Ensembler is developed and tested on Linux and Mac. Windows is not well supported.

Supported Hardware

The simulation refinement stages of Ensembler use OpenMM, which performs best on CUDA-enabled GPUs. However, OpenMM also has an optimized CPU platform, so use of GPUs is optional.

Install with Conda

conda is a package manager built for scientific Python. Unlike easy_install or pip, it handles binaries and binary dependencies, which are critical for most scientific workflows.

Conda can be obtained by installing Continuum Anaconda - an awesome free Python distribution for scientific computing. The standard installation contains many of Ensembler’s dependencies. Alternatively, for a more minimal Python set-up you can install miniconda, which contains only Conda and Python.

First get a license for Modeller from the Modeller website (registration required; free for academic non-profit use).

Save this in an environment variable as follows


Then, to install Ensembler with Conda, use the following commands

$ conda config --add channels
$ conda config --add channels
$ conda install ensembler

Conda will automatically install all dependencies except for the optional dependencies Rosetta and MolProbity. These require licenses (free for academic non-profit use), and will have to be installed according to the instructions for those packages. Some limited installation instructions are included below, but these are not guaranteed to be up to date.

Install from Source

Clone the source code repository from github

$ git clone git://

Then, in the directory containing the source code, you can install it with.

$ python install


To use Ensembler, the following libraries and software will need to be installed.

Linux, Mac OS X or Windows operating system
We develop mainly on 64-bit Linux and Mac machines. Windows is not well supported.
Python >= 2.6
The development package (python-dev or python-devel on most Linux distributions) is recommended.
Comparative modeling of protein structures.
Molecular simulation toolkit, with GPU-accelerated simulation platform.
Simulation trajectory analysis library.
Statistical models for biomolecular dynamics.
PDB structure modeling
Collection of Python tools for computational biology and bioinformatics.
Numpy is the base package for numerical computing in Python.
For working with XML files.
For working with YAML files.
For building command-line interfaces.
For testing in Python

Optional packages:

Allows many Ensembler functions to be run in parallel using MPI.
Protein modeling suite. The loopmodel function is optionally used by Ensembler to reconstruct missing loops in template structures.
(If running Python 2.) Backport of the Python 3 subprocess module for Python 2. Used to run command-line programs such as Rosetta loopmodel. Includes timeout functionality which is particularly useful for the template loop reconstruction routine.
Some functionality, including the quickmodel and inspect functions, requires pandas.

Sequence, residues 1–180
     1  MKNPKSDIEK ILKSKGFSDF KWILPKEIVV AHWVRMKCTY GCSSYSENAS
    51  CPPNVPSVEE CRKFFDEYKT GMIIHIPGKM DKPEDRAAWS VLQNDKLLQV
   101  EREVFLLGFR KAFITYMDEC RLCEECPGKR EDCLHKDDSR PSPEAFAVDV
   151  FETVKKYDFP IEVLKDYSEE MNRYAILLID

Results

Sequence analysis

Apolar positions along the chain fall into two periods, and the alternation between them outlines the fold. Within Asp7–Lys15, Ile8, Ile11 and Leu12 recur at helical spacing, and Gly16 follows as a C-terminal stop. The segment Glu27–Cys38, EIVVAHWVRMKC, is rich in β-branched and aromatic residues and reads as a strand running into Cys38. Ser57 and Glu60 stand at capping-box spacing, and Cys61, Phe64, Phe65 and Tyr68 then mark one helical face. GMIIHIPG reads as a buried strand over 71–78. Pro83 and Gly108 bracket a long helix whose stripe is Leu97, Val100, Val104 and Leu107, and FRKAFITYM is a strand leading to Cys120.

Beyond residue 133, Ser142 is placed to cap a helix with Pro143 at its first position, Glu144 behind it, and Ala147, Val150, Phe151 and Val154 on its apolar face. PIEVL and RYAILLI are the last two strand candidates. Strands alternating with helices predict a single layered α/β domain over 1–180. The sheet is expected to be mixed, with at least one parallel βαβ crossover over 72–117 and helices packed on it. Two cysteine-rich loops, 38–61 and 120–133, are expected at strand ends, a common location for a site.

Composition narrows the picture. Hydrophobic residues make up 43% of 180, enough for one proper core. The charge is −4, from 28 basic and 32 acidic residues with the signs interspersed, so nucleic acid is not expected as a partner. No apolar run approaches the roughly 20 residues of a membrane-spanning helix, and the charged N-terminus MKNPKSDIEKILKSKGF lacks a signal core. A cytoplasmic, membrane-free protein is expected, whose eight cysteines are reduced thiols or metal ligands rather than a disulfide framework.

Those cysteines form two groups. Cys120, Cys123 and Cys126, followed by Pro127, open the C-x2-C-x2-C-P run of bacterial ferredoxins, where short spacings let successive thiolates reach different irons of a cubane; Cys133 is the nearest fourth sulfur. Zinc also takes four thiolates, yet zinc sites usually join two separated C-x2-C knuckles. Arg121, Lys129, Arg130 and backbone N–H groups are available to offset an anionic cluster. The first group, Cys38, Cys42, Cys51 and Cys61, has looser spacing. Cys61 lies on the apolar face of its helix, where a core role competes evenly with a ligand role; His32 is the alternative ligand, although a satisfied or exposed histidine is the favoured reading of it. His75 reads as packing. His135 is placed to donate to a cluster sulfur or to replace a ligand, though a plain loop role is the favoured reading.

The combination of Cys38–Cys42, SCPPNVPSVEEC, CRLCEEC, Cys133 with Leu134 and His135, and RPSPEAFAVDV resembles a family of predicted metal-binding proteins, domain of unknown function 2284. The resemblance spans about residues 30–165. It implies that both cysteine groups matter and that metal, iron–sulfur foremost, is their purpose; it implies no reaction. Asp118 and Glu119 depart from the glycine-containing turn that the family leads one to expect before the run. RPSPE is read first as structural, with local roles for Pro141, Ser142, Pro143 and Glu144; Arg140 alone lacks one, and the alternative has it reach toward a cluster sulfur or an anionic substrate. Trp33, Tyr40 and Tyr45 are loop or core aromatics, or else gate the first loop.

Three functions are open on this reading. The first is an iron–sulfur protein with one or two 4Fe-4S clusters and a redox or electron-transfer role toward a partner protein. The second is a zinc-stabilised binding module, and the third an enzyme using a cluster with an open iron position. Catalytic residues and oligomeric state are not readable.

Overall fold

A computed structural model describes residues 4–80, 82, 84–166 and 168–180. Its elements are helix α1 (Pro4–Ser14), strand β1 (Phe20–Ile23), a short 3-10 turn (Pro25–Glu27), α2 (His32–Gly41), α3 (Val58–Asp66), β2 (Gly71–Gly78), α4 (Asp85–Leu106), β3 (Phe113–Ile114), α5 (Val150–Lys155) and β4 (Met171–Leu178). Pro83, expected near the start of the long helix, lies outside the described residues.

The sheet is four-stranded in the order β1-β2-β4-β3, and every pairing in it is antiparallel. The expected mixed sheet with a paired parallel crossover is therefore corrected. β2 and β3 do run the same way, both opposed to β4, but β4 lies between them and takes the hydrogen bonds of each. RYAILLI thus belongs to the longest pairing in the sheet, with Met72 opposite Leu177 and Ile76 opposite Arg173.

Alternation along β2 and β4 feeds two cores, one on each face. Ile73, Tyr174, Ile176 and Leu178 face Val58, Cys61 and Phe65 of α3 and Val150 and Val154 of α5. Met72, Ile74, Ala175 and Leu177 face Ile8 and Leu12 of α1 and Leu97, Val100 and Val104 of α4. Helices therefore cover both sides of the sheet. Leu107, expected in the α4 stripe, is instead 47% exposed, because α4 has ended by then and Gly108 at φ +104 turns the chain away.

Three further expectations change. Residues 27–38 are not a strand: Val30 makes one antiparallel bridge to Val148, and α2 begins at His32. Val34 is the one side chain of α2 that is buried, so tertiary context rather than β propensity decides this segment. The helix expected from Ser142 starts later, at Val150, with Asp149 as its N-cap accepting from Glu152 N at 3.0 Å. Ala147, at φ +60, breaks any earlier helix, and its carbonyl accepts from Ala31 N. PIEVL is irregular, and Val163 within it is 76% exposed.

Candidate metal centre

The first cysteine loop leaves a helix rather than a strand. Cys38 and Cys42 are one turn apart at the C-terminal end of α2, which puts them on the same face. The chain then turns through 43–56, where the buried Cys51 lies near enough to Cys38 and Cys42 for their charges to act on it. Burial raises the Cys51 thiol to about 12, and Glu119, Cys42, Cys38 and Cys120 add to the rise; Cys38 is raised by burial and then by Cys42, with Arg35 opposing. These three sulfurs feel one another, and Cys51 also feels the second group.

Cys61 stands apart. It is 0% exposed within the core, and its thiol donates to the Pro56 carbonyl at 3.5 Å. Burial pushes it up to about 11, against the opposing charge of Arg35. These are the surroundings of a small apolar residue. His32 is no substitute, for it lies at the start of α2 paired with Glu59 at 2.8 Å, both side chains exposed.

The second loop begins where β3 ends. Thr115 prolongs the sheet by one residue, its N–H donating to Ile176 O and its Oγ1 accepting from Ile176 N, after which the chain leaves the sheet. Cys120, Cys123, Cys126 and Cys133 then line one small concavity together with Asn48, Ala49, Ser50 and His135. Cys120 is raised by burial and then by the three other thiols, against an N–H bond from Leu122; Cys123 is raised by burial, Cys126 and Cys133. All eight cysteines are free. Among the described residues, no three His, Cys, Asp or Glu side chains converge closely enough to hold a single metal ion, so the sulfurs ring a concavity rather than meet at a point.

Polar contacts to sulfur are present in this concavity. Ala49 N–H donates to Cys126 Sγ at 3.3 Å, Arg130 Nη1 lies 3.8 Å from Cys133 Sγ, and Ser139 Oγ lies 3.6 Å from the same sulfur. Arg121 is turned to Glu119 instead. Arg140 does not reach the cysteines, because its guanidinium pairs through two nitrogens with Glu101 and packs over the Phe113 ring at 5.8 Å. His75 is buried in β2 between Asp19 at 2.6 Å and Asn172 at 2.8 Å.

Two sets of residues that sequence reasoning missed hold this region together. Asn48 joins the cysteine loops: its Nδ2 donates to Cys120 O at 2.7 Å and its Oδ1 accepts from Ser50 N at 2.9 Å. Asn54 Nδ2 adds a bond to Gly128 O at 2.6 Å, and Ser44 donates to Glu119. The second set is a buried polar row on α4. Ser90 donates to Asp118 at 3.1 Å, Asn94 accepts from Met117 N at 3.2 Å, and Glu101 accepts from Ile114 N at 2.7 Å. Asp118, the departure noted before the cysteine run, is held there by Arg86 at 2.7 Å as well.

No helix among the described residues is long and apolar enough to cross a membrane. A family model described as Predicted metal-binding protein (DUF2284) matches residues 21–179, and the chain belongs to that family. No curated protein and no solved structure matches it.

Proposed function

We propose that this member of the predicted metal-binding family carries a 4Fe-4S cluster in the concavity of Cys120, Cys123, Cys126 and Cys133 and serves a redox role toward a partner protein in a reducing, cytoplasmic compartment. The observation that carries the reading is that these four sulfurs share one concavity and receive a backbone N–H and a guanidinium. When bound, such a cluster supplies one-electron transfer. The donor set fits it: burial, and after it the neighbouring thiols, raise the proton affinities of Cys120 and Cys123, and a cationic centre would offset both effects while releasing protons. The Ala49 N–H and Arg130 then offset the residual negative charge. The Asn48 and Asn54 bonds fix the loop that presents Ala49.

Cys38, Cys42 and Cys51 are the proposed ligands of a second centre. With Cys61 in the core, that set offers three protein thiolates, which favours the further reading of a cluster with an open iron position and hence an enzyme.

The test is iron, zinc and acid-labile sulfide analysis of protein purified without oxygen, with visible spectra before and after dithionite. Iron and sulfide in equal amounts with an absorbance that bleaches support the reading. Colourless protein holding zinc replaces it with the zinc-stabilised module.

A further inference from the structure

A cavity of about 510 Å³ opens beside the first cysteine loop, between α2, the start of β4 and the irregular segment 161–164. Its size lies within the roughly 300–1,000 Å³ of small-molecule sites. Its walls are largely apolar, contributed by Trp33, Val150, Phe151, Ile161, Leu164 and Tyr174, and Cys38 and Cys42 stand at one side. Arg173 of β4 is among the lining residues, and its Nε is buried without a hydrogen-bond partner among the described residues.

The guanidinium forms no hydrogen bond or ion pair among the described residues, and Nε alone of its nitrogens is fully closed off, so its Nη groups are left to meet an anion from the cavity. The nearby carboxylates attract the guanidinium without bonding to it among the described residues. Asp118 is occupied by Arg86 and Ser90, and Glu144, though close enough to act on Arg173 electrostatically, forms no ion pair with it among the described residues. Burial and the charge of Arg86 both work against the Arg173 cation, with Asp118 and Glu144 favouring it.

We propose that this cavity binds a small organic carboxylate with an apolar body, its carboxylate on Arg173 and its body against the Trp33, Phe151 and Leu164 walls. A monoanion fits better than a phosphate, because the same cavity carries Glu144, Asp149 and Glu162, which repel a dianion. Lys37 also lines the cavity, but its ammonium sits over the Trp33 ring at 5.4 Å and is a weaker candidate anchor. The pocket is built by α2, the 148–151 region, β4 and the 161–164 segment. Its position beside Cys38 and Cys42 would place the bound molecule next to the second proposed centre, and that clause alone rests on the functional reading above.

For model validation. The package_models function can use this data to filter models by validation score.

Manually Installing the Dependencies


If you’re on ubuntu and have root, you can install most dependencies through your package manager (apt-get).

$ sudo apt-get install python-dev


If you’re on mac and want a package manager, you should be using homebrew and brews‘s Python (see this page for details). For example, numpy can be installed with brew as follows:

$ brew tap Homebrew/python
$ brew install python
$ brew install numpy

Then, you can install many of the remaining packages with pip.

$ pip install lxml


Chris Gohlke maintains windows binary distributions for an ever-growing set of Python extensions on his website. Download and install the the installers for setuptools, nose, numpy, scipy, numexpr, pandas and tables.

Testing Your Installation

Running the tests is a great way to verify that everything is working. The test suite uses nose and mock, which you can pick up via conda or pip if you don’t already have them.

$ conda install nose mock

To run the unit tests:

$ nosetests ensembler -a unit

Further tests are available which check interoperation of Ensembler with software dependencies such Rosetta loopmodel, or with external public databases such as UniProt, or are excluded from the unit tests due to being slow. To run them:

$ nosetests ensembler -a non_conda_dependencies -a network -a slow

Installation of Dependencies Unavailable Through Conda

(Note: only limited instructions are included here, and these are not guaranteed to be up to date. If you encounter problems, please consult the relevant support or installation instructions for that software dependency.)


Download the MolProbity 4.2 release source from the GitHub repo.

Extract the zip file, enter the created directory, and run the following command:

$ ./

This was all that was required when tested on a MacBook running OS X 10.8.

On a Linux cluster, it was first necessary to edit the file to uncomment the following line, and comment the make command:

$ ./binlibtbx.scons -j 1

This forces the build to use only a single core - this ran rather slowly, but using more cores resulted in build failure. This is likely due to memory issues. After runnng ./ it was then also necessary to run ./

Binaries can found in the [MolProbity source dir]/cmdline directory.


Download Rosetta here.

Rosetta version 2014.35 has been most thoroughly tested within ensembler.

Rosetta requires a program called Scons to compile. It is conda installable:

$ conda install --yes scons

It is important to add both rosetta_2014.35.57232_bundle/main/source/bin to your $PATH and rosetta_2014.35.57232_bundle/main/database to a new $MINIROSETTA_DATABASE path, or else loop modeling will not work.